Wednesday, September 15, 2010

Working in Science and Math: It Pays to Be a Geek

I'm a geek and I know it... and I really wanna show it! I am proud to be among the ranks of the few, the proud, and the geeky. I consider my geekdom to be a badge of honor.

That said, you can guess how excited I was when my boss recently asked me to write an article about people who work in geeky fields -- namely science, technology, engineering, and math (STEM). My three older brothers are also STEM geeks. Two are computer programmers and one is an engineer. That makes me, the Economist, the "soft scientist" in the group. Not everyone counts social scientists as STEM workers, but we do in Oregon.

More than 5 percent of Oregon's workforce (about 100,000 people) are in one of the STEM fields, and the number of workers is expected to grow. From 2008 to 2018, employment in Oregon's 88 STEM occupations is projected to increase nearly 8 percent.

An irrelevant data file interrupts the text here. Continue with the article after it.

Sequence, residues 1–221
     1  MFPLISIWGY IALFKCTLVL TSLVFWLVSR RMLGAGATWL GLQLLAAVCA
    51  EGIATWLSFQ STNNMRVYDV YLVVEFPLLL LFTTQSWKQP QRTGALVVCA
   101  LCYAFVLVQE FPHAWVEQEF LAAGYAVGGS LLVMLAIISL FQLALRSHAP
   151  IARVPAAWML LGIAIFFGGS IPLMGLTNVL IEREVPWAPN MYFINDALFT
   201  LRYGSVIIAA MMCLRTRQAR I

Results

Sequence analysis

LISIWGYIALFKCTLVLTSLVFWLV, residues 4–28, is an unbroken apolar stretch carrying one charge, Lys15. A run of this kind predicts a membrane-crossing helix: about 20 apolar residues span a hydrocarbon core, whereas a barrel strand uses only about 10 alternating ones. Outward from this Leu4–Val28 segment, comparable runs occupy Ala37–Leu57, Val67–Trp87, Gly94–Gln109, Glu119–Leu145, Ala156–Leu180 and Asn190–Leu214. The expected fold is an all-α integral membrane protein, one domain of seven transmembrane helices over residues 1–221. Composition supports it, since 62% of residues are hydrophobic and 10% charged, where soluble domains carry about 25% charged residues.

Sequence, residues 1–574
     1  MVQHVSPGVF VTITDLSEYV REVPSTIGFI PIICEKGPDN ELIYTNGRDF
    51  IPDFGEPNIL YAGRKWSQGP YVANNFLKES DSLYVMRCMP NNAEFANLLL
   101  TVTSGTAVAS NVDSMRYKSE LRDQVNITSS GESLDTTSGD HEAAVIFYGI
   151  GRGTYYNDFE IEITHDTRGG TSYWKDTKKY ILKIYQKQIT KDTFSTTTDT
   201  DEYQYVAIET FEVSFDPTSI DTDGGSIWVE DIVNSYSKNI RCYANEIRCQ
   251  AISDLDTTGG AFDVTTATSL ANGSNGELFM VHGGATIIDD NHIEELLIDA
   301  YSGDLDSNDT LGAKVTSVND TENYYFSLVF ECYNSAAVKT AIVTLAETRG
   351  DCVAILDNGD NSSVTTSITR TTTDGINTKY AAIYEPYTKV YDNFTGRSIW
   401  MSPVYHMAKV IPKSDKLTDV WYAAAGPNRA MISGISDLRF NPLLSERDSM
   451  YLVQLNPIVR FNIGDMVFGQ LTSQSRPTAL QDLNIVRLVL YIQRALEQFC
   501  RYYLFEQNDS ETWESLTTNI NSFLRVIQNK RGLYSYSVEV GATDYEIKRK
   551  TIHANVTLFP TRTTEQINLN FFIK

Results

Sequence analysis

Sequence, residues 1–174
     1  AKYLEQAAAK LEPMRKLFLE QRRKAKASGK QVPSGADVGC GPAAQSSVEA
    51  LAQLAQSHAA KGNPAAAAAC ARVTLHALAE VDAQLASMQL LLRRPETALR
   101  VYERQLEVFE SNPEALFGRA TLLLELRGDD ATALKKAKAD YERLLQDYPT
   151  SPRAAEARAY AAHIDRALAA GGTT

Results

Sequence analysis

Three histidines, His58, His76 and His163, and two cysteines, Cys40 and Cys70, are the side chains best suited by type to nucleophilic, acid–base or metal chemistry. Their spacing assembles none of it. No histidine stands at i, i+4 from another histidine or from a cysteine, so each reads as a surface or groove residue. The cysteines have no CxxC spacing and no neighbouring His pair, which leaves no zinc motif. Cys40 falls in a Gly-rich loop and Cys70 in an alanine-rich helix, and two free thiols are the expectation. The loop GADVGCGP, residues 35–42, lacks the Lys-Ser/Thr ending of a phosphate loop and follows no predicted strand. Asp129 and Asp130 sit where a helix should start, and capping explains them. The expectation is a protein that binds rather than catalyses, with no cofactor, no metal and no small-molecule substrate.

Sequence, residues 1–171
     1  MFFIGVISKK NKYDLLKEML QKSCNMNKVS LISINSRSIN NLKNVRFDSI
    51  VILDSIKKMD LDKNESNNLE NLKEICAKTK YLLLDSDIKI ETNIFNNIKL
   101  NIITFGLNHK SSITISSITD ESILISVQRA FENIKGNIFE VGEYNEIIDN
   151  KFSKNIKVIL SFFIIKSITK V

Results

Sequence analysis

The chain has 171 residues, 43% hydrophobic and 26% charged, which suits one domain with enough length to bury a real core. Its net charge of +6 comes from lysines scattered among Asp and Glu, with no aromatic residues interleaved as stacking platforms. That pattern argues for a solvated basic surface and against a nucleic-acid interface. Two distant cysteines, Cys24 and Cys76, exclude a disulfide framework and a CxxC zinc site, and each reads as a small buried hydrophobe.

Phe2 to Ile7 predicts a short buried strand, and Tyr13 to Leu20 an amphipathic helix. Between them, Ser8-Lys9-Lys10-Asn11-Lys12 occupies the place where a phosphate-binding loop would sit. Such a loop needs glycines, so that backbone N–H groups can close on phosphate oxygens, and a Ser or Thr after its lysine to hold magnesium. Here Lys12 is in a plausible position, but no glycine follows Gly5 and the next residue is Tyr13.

STEM occupations differ from other occupations in a few ways. As the title of this post suggests, STEM workers earn higher average wages. For STEM occupations, the average wage is about $30 an hour, compared with $16 an hour for non-STEM workers.

The additional pay comes at a cost, however: STEM occupations require more education. Most STEM workers (78%) need at least an associate degree; most non-STEM workers (71%) need only related work experience or some on-the-job training.

There's also a fascinating discussion about the STEM workforce taking place in the U.S. right now. But you'll have to read the full article if you want to know more about that topic! As a bonus, the full article also talks about the demographic characteristics of STEM workers.

Questions or comments? Leave a note in the comments section or contact me directly: Brooke Jackson,, (503) 947-1263

No comments: